Every film is ultimately the product of the collaborative creative effort of dozens of people involved with the project before, during, and after principal photography, but the idea has to be born in the screenwriter’s head. An assertion like that may seem trivial, but how often do we forget that fundamental premise in our eagerness to ascribe everything good or bad about a movie to its director. Naturally, directors sit at the very top of the production hierarchy, steering and shaping the comprehensive vision of the project, but they don’t work in a creative vacuum. Good directors are more than just skilled filmmakers, they know how to surround themselves with talented crew and collaborators.
We’re fast approaching the kickoff of this year’s edition of the Papaya Young Directors competition, addressed to directors and aspiring filmmakers. Good writers who want to make it in the film industry are welcome to try their hand as well. Let’s take this opportunity and list ten writer-director whose names will be forever etched in the annals of cinema.
Simon Pegg—Edgar Wright
Writing a good pastiche, particularly one that would properly filter all the necessary genre tropes through the individual tastes of the screenwriters, is not an easy task. But writing a parody that would mercilessly mock the banality of specific productions or even entire industry trends is even harder. However, actor Simon Pegg and director Edgar Wright managed to find a way to walk the fine line between pastiche and parody, and ridicule selected genres all the while paying them a beautiful homage. In Shaun of the Dead, they mocked zombie movies and British stiff-upper-lip attitudes, and breathed new life into the genre with precisely choreographed comedic antics (including the marvelous use of Queen’s Don’t Stop Me Now). In Hot Fuzz, they subverted narrative and formal police drama tropes, creating one of the best action films of the decade. The World’s End, meanwhile, took on the buddy film genre and fused it with the paranoia of alien invasion thrillers.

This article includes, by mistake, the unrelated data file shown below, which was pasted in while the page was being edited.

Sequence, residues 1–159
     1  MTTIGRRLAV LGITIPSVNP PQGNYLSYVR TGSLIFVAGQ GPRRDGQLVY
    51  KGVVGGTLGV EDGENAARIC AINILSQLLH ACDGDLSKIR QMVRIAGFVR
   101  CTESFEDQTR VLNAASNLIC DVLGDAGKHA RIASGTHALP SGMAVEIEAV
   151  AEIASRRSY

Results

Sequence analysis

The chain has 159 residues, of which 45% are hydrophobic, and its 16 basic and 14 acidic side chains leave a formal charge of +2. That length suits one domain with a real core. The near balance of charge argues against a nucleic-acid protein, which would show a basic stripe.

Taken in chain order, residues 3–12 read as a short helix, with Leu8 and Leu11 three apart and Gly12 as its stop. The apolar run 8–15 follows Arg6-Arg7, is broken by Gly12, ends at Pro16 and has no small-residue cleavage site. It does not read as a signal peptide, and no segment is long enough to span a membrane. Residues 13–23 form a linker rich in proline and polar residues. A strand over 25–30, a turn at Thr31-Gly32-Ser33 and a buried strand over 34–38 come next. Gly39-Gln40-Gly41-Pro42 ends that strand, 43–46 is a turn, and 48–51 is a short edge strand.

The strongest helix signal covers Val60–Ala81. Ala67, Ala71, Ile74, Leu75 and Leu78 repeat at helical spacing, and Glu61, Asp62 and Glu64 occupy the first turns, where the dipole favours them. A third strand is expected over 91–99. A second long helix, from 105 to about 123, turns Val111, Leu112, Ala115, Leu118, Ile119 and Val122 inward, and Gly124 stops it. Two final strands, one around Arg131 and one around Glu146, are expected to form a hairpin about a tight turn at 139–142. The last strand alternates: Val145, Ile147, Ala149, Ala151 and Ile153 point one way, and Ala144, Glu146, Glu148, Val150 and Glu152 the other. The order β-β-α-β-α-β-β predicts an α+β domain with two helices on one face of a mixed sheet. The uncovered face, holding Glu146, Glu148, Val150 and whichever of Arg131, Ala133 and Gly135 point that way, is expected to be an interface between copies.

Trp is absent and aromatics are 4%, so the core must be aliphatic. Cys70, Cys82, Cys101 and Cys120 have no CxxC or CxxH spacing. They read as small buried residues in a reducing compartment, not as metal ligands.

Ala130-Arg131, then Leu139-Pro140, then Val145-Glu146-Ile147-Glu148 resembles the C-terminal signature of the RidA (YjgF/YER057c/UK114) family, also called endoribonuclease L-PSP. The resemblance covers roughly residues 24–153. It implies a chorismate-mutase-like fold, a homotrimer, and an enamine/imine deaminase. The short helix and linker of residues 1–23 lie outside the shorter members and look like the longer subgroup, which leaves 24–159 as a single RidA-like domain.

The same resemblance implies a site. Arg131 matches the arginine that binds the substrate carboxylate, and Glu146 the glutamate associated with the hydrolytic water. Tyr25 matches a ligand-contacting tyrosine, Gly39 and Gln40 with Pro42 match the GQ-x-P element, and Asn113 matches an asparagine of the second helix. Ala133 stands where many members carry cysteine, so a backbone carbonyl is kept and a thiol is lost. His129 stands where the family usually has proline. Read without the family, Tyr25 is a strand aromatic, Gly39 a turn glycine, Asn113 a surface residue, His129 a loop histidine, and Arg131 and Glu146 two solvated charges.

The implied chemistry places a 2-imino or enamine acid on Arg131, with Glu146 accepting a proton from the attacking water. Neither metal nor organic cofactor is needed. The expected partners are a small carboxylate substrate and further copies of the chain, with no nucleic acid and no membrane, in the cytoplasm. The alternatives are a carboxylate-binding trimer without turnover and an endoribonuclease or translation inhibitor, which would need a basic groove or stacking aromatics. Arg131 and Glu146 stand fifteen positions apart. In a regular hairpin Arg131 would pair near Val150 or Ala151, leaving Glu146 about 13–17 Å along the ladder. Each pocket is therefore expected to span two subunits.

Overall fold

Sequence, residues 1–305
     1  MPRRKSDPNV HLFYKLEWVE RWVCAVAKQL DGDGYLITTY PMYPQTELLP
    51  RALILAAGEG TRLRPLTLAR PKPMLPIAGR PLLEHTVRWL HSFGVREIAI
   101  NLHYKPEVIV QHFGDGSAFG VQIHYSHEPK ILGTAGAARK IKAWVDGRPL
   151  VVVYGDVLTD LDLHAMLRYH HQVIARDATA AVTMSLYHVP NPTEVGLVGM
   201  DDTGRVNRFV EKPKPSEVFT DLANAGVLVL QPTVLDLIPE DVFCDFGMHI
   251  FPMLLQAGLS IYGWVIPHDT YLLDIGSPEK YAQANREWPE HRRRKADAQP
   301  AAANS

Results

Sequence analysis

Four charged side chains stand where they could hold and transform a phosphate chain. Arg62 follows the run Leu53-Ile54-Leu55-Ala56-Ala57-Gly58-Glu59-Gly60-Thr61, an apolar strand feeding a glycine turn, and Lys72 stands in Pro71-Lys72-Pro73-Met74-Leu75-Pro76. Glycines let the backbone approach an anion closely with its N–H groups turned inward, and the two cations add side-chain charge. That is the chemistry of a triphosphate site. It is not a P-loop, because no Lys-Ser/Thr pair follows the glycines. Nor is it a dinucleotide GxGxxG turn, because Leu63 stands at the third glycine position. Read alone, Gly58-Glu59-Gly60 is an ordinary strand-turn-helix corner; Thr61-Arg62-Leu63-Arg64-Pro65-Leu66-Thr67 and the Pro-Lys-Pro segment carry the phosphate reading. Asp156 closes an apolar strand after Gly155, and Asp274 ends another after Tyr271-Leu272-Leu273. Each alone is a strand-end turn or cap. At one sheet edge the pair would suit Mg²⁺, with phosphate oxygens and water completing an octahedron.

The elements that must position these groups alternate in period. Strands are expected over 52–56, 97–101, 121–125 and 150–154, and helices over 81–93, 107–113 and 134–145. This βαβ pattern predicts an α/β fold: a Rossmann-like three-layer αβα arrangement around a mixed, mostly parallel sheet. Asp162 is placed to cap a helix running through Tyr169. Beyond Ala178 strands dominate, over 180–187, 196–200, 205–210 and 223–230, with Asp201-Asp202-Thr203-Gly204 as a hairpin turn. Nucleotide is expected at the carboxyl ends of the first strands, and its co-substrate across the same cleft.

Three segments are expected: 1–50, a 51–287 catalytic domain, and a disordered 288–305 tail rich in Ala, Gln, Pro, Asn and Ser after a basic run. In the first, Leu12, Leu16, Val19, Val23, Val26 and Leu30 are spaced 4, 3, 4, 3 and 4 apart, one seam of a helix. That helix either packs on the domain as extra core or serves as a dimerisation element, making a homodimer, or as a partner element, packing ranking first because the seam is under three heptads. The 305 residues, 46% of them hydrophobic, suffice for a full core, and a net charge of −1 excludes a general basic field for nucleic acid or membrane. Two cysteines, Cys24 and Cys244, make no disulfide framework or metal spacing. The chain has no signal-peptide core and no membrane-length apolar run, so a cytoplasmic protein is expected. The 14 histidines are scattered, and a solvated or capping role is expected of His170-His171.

Guillermo Arriaga—Alejandro González Iñárritu
Screenwriter-director collaborations are frequently driven by the clash of their strong personalities, which may end up spawning ideas that change the art of filmmaking. But these contentious relationships between two highly complementary filmmakers tend to break down, often in highly spectacular manner. That was the case with screenwriter Guillermo Arriaga and director Alejandro González Iñárritu, who began throwing accusations and invective at one another right before the premiere of their final film, Babel. Arriaga claimed that Amores Perros, 21 Grams, and Babel would never pack a comparable emotional punch without his structurally complex scripts, which helped Iñárritu visualize the cultural and human constraints that people impose on their fellow men and women. Iñárritu, on the other hand, accused Arriaga of focusing on technicalities and stressed that without his visual style, the emotional punch of the films wouldn’t count for much. The truth, it seems, lies somewhere in the middle, as a film, to paraphrase the proverb, can have many fathers.
Charlie Kaufman—Spike Jonze and Michel Gondry
For over twenty years, Charlie Kaufman has been considered one of the most original screenwriters working in the industry. Although he moved on to directing his own overly complex scripts some time ago, the transition would not have been possible without the creative synergy Kaufman has enjoyed with two other highly original filmmakers. Spike Jonze saw the scripts for Being John Malkovich and Adaptation as opportunities for a reckoning with the frustrating flawedness of human nature and the notion of art driven by existential crises. Michel Gondry, meanwhile, took the scripts for Human Nature and Eternal Sunshine of the Spotless Mind and draped their surrealist interrogation of the innermost thoughts and dark corners in visuals straddling onerous reality and eccentric, dreamlike vision. We can safely say that had anyone else decided to film Kaufman’s scripts, twenty-first century cinema would have one fewer auteur.